The design has enabled Preem to co-process 30% RTD with light gas oil to produce a renewable diesel meeting all ULSD EN 590 diesel specifications. A level of 30% is a relatively high fraction of biofeed in an existing unit not built to handle this type of feed, and unique challenges were encountered, in particular related to hydrogen consumption, exotherm, catalyst selection and corrosion, both upstream and downstream of the reactor. The revamped unit was started up in 2010.
Handling of corrosive feed and high exotherm
The introduction of RTD poses a special challenge with regard to procedures for material selection, as this is a very unconventional feed with a very high total acid number (TAN). It contains many unconverted free fatty acids, as well as resin acids, which may increase the corrosion rate in pipes, heat exchangers and the fired heater upstream of the hydrotreating reactor, where these compounds are converted. The corrosion issue has, in other cases, been design-limiting when deciding the amount of tall oil or derived material that can be co-processed. Therefore, a high priority was to design the feed system to overcome these challenges.
A special RTD feed system was designed for this purpose by Preem and Topsøe. Injection of RTD and mixing with the mineral feed is carried out in multiple steps (see Figure 1). Part of the RTD is introduced at an injection point after the fired heater and prior to entering the reactor. In this way, all existing process equipment upstream of this injection point is left unaffected. The remaining part of the RTD feed is introduced between the first two beds of the reactor to control the temperature profile, but also to control the TAN and thereby minimise corrosion. Since RTD is only injected after the fired heater and as a liquid quench to the second reactor bed, the hardware has very limited exposure to the highly corrosive RTD. Thus, only minor changes to the material selection were necessary. These changes meant that the unit is prepared for, and has already experienced, operation with an even higher fraction of RTD feed.
Following its revamp to renewable diesel production, the unit operates at a lower average temperature, but with significantly higher hydrogen consumption. As a result of exothermic hydrodeoxygenation reactions, the heater duty and fuel consumption of the unit are lower compared with what is seen in normal hydrodesulphurisation mode. This means that the added reaction heat is also utilised in fossil light gas oil hydrodesulphurisation, so this operation is less energy consuming. However, the large amount of heat released due to the hydrogenation of RTD in the reactor must be controlled by a proper quench system. Although the main purpose of splitting the RTD into several streams and delaying the mixing is to eliminate the risk of corrosion, another equally important purpose is to provide a liquid quench, which makes it possible to control heat release from the exothermic reactions, thereby lengthening the lifetime of the hydrotreating catalysts by a significant degree. With fresh RTD used as a liquid quench between the first two beds, more hydrogen can be used upstream of the reactor to increase the hydrogen partial pressure. This measure helps prevent gum/coke formation and corrosion, thereby ultimately delivering higher unit reliability and lower investment cost.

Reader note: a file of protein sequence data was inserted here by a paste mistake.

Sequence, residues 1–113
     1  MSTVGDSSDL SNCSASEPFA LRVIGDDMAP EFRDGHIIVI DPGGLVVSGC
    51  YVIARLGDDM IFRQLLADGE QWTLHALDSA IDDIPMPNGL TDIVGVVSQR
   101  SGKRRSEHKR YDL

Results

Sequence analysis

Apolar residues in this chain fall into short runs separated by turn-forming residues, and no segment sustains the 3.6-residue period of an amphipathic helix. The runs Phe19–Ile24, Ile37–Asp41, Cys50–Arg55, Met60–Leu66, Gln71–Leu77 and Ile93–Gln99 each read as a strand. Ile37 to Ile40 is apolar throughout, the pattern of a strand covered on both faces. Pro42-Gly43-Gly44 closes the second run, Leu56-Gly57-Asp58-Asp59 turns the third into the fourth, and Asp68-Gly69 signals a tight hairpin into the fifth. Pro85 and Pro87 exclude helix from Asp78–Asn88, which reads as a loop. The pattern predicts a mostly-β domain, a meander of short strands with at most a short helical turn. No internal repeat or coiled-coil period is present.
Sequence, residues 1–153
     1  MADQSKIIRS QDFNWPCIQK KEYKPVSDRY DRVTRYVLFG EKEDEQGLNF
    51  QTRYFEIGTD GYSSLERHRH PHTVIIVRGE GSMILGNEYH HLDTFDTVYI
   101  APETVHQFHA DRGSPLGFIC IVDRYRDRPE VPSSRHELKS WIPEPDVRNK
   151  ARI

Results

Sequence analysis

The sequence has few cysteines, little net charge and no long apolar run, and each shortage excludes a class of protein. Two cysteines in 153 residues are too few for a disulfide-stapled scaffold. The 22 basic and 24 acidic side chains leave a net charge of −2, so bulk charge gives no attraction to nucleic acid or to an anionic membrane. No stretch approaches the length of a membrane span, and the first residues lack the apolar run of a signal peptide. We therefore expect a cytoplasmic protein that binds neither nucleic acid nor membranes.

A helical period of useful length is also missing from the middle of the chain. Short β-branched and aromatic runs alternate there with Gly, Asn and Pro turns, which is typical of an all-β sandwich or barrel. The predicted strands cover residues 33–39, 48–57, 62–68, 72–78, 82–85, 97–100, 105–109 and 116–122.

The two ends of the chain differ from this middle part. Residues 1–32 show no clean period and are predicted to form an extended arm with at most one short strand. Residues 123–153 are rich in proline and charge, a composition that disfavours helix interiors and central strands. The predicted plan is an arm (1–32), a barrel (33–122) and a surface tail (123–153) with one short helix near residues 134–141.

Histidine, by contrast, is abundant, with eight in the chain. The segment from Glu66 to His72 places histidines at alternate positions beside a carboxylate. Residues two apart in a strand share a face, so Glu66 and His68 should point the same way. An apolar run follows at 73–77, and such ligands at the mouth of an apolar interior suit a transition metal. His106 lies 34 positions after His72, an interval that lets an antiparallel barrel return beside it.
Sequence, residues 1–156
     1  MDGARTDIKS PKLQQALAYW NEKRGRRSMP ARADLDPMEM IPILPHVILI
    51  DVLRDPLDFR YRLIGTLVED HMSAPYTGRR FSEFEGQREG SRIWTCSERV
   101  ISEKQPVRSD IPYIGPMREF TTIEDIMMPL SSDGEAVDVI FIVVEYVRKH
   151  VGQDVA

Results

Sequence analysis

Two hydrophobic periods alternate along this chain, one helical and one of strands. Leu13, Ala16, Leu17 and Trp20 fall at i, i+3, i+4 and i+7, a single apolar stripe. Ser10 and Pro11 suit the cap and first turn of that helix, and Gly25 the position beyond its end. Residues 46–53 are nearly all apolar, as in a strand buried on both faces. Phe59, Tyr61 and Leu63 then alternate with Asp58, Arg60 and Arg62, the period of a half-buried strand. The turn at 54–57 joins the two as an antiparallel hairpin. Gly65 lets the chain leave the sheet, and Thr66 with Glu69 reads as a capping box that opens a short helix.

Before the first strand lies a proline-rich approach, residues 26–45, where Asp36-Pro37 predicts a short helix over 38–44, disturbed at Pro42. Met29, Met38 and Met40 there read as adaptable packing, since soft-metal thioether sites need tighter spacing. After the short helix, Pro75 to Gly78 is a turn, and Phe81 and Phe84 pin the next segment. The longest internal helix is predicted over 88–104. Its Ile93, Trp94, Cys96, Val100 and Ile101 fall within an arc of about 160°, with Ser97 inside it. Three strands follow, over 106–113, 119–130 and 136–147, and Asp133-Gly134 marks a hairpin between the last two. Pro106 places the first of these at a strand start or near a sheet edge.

Selection of catalysts
The implementation of new process technology solutions goes hand in hand with the selection of catalysts, as catalyst activity and selectivity determine the necessary reaction conditions and the composition of reactor effluent. The conversion of high levels of RTD in the feed constitutes a very fast reaction, consuming substantially higher amounts of hydrogen than in the case of conventional hydrotreating, and this requires specialised catalysts for the conversion of renewable material. The correct balance between activity and stability depends on the feed and conditions and has important implications for the operation of the unit.